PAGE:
one suffering is – “to be dry” in Hebrew also means to be lifeless, and near
to, if not, death.
16 Dogs surrounded
me; evil doers encircled me.
Bound up are my
hands and my feet.
17 I can count all
oppressors) stare and gloat over me.
18 They divided my
garments among them.
And they cast lots
for my clothes.
In the ancient Near
East, this practice means one’s fate is determined neither by humans nor the
gods! It depicts the person, his life and all that belongs to him are now
succumbed to “chance”. It is a gesture by the enemies that their victim is
beyond hope. That is, even their gods will not help the victim, similar to the
notion that: even your God left you to die.
19 But You, O LORD!
Do not be far away!
My Strength! Come
quickly to help!
20 Deliver my soul
from the sword!
My life from the
power of the dog!
21 Save me from the
mouth of the lion
And from the horns
of the oxen! You answer me!
Of course, we may
not have horns of bulls, lions, swords, scorching sun, wild dogs and evil men
waiting to kill us … but we experience forces of threats in our lives that
brings us fear, terror, and that which zapped our strength away!
Mortgage! Debts. Rents. Insurance. Inflation.
demands. Friends. Social expectations. Betrayal.
Pressure to Succeed:
Grades. Exams. Approval. Projects. Quotas. Competitors.
They are pressures
we are confronted with every day. These are our bulls, lions, swords, dogs that
threaten to eat us alive. And we feel our health, our sanity and strength
ebbing away… we can be drained in all
ways: physically, emotionally, spiritually and even our self-esteem
diminishing. Sometimes, the impact of these pressures is manageable, other
times, not so. And we pray the ones we love need not face them as well. This is
exactly what Peter wished of Jesus – that there will be no additional suffering
than those daily ones, and especially not anything that leads to death.
Yes, as the Psalmist
prayed, sometimes we get delivered.
showed up to help us. Or, something happens and we get extension of time to
complete or to sort things out. We thank God for saving us!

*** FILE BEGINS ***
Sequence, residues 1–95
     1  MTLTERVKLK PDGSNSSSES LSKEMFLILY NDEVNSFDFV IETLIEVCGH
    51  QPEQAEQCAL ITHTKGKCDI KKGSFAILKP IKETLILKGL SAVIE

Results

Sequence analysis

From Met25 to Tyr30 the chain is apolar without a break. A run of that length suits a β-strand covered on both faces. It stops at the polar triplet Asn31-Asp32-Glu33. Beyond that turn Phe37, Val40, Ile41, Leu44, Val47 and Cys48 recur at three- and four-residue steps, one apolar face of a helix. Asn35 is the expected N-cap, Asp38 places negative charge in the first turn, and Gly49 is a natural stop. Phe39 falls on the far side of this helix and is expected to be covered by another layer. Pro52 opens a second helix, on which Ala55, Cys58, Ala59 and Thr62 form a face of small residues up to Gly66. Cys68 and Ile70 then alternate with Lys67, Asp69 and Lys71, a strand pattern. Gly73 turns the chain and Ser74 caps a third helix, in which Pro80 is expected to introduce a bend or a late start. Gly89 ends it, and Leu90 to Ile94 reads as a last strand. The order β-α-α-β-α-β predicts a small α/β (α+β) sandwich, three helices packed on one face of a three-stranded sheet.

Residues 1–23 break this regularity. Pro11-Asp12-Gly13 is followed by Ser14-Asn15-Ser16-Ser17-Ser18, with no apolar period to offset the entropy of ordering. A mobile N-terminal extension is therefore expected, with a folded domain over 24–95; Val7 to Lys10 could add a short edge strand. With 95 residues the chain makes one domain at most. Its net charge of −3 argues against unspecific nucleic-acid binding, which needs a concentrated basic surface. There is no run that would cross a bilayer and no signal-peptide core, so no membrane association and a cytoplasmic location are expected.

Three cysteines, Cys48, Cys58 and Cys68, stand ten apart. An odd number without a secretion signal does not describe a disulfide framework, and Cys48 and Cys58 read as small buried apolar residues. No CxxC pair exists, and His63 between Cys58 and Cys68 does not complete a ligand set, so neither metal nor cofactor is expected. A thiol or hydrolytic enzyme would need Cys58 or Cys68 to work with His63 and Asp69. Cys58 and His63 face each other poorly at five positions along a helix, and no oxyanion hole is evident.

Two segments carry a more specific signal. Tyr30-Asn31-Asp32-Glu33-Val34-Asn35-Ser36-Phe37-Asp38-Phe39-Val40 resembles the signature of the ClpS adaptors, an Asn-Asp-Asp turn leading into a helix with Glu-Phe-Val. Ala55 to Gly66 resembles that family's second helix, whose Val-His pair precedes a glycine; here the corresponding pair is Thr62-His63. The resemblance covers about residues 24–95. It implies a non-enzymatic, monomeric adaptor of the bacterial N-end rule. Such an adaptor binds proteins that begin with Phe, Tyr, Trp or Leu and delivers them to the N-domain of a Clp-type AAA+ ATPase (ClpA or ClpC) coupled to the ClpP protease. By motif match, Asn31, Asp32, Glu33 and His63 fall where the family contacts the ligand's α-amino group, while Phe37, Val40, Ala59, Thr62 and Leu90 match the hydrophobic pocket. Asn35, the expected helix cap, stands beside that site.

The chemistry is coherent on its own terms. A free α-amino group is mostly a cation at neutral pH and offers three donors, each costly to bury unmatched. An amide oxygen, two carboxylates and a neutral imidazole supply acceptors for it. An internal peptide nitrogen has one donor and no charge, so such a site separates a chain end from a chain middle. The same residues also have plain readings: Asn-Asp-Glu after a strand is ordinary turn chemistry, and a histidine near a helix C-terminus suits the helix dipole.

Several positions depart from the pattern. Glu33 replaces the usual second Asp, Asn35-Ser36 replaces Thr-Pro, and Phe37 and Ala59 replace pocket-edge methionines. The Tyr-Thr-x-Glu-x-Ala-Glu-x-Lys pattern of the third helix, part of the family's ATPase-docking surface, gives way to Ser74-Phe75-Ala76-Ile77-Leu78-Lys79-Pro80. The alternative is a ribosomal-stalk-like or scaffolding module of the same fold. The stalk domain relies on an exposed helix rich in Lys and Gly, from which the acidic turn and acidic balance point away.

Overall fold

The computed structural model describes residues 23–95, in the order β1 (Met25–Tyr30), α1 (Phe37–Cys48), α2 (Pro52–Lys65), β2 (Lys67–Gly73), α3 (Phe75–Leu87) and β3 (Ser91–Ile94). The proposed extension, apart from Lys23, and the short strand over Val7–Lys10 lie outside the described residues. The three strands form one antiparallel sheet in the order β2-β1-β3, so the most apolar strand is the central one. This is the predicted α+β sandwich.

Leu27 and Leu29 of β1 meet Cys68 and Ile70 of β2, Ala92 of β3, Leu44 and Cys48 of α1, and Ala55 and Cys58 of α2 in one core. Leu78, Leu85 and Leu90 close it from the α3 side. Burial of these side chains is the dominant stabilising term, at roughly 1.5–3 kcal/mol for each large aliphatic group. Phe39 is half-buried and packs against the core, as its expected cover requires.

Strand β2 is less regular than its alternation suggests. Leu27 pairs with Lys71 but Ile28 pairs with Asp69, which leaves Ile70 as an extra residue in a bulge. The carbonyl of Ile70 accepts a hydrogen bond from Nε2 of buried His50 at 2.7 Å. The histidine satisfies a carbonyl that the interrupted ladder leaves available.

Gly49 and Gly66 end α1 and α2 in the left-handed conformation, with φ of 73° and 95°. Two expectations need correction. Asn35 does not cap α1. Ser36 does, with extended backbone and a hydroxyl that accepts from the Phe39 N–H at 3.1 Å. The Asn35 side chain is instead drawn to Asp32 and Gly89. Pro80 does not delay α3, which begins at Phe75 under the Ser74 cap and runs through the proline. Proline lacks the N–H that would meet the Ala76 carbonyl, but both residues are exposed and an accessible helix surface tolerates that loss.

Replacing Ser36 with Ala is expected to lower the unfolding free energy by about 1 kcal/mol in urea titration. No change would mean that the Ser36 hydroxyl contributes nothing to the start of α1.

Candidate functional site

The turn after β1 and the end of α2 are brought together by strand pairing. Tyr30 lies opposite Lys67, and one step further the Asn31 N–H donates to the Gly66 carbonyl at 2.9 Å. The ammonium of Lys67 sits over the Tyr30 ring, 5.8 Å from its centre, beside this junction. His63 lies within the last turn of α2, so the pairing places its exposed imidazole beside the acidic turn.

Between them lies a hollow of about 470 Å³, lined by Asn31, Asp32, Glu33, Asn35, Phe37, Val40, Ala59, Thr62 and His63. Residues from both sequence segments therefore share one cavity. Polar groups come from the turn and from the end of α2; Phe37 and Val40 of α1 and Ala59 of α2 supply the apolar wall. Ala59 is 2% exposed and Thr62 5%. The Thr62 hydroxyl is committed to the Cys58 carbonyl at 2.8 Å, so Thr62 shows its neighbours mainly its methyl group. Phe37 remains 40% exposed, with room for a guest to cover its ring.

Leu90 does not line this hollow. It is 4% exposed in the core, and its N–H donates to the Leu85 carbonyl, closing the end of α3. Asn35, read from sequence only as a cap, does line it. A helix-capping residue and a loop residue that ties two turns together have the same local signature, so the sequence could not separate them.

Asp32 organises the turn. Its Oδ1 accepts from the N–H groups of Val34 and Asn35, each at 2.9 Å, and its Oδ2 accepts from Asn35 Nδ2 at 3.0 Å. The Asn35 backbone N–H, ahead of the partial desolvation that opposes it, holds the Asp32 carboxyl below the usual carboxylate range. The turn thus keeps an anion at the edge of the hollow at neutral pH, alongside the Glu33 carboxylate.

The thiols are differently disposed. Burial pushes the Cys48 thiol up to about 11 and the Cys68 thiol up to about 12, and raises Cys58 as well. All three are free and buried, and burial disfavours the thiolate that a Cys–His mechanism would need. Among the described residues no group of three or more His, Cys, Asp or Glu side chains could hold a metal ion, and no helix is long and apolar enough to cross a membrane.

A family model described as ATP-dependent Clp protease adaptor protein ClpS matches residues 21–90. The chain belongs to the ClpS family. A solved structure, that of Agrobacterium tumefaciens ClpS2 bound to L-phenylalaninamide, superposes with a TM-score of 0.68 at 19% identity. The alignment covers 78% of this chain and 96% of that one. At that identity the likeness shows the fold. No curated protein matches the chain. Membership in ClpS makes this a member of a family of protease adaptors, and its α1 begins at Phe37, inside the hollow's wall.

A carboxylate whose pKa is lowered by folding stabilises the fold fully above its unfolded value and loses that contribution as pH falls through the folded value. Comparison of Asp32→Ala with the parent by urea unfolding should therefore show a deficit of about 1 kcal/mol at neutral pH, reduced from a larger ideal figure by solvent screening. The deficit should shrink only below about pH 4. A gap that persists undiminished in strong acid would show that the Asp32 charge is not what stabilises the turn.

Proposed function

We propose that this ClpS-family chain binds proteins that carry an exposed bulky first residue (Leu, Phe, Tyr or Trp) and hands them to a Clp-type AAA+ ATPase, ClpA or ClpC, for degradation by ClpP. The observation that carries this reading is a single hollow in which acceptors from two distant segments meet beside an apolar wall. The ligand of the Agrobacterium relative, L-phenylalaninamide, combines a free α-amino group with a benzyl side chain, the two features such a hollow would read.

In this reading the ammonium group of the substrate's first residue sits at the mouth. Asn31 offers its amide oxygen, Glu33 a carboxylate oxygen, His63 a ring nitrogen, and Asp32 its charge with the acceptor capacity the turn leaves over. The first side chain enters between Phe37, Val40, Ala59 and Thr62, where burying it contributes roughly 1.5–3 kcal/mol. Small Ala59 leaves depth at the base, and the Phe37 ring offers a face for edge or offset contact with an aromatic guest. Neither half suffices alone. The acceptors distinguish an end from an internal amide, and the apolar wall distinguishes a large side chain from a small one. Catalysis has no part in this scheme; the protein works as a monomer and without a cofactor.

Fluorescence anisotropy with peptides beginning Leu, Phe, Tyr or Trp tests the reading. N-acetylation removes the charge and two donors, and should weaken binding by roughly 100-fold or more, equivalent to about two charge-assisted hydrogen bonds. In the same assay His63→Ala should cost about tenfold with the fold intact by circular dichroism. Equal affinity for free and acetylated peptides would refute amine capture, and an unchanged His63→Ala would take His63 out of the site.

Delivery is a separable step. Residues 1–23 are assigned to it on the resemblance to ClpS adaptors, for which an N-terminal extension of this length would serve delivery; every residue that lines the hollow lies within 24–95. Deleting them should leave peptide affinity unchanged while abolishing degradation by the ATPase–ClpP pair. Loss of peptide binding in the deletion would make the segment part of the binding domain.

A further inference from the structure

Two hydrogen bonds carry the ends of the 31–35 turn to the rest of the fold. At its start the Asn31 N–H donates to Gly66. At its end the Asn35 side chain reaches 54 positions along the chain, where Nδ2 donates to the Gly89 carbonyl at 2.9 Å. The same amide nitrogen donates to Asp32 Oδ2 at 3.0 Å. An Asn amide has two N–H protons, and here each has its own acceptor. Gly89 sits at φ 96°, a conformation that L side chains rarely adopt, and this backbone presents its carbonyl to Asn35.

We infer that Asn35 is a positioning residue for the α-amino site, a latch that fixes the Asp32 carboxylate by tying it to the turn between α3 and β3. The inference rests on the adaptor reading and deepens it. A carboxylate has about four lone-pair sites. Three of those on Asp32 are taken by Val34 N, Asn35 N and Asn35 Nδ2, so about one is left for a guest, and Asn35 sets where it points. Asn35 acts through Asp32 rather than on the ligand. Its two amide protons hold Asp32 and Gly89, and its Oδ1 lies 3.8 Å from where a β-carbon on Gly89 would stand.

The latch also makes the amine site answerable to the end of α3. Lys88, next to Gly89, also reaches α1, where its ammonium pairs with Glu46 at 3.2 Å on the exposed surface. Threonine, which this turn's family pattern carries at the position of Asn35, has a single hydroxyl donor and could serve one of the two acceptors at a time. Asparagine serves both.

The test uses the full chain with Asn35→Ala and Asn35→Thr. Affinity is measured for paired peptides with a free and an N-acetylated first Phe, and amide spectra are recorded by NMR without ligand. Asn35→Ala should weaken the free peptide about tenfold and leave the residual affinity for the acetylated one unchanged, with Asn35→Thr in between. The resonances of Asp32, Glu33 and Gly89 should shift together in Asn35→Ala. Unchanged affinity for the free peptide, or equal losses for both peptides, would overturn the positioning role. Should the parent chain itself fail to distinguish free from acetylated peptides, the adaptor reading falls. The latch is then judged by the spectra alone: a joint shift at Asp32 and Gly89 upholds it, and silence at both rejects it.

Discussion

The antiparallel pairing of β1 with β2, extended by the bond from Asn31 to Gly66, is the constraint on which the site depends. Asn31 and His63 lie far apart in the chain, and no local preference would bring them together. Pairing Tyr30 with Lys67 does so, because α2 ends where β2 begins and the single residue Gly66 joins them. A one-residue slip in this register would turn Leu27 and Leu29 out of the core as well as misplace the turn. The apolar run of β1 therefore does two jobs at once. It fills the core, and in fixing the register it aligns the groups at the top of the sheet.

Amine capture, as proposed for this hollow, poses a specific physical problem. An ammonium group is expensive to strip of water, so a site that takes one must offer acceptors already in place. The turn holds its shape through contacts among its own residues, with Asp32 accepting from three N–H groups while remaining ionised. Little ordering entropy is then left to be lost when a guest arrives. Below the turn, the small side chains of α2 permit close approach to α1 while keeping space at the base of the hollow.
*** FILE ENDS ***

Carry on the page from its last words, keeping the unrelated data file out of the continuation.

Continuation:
Sometimes all the
bulls, lions, dogs had a change of intention … instead of being a threat, they
become nice, or they ignored us, or they get distracted by other matters or
their threats upon us are forced to stop! We thank God for saving us!
happened, sometimes we feel they are a big miracle, sometimes small, but
nonetheless we are grateful.
Now let us turn to
the rest of Ps 22.
vv. 22-31 Here is
the overall structure which shows an internal parallelism within these verses.
V. 26 seems to be the climax. We shall read these verses.
Resolution to Praise in public
Identities of those who praise
God who listens to the Oppressed / Afflicted
Resolution to Praise in public
The Oppressed are admonished to praise and live on.
Resolution to Praise in public
Identities of those who praise
Future generations will praise God.
to Praise in Public
22: I will talk
about your name to my brothers
In the middle of the
assembly, I will praise you.
23: The Identities of those who praise
Fearers of YHWH,
Praise him! All you seeds of
Honor him! Fear him!
All the seeds of
24 The God who listens to the Oppressed / Afflicted
Because he did not
regard with contempt
And did not detest the
afflictions of the oppressed.
There is something
important about the identification of those who praise and the God who was
praised in these verses here.
It is necessary that
you know, the seeds of Jacob and Israel, has, in the larger history of Israel,
an oppressed nation, rather than a victorious, a super power, or a significant
political and economic player in the ancient Near East. It is for the most part, significantly
oppressed – and especially when these psalms were collected and collated. The
God of Israel – is the God of those who were afflicted, who were oppressed. He
is the one who will help them! Therefore, how could he look upon Israel’s
oppressions with contempt? If Israel’s health gave way and caused him to smell
badly, or were bullied by their neighbors, how could Israel’s God looke at them
with disdain and feel they are not worthy of his help?
This is also the God
whom we worshipped and praised and why we are gathered here today. The God of
Israel, is the God of the Afflicted and the Oppressed.
25 Resolution to Praise in public
From with you my
praise in the great assembly
I will pay my vows before those who fear him.
Here, the Psalmist
is resolved to praise in the public space again. In this praising, is a promise